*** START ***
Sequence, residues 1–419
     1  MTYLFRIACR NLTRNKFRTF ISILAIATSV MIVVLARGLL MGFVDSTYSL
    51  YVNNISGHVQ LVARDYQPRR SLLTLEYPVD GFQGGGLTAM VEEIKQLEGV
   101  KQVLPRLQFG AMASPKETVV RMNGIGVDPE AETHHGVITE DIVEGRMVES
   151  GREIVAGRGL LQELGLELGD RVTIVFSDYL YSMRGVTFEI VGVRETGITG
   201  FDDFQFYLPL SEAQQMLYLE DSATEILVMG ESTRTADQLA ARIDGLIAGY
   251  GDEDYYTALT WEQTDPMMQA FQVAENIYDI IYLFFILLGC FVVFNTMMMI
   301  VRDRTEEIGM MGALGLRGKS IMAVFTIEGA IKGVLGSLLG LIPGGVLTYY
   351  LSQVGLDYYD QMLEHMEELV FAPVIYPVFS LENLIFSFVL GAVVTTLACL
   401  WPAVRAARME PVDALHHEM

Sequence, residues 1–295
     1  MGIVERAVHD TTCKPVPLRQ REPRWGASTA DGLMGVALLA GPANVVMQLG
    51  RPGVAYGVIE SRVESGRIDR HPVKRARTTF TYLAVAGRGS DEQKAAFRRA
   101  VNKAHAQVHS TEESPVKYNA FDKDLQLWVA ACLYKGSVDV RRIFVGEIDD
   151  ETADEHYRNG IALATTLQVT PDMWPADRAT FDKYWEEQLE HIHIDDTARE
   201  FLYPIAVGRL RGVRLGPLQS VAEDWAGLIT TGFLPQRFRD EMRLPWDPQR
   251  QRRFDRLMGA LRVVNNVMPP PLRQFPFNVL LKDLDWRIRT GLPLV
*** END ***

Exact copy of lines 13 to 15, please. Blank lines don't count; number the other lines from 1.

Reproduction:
    51  RPGVAYGVIE SRVESGRIDR HPVKRARTTF TYLAVAGRGS DEQKAAFRRA
   101  VNKAHAQVHS TEESPVKYNA FDKDLQLWVA ACLYKGSVDV RRIFVGEIDD
   151  ETADEHYRNG IALATTLQVT PDMWPADRAT FDKYWEEQLE HIHIDDTARE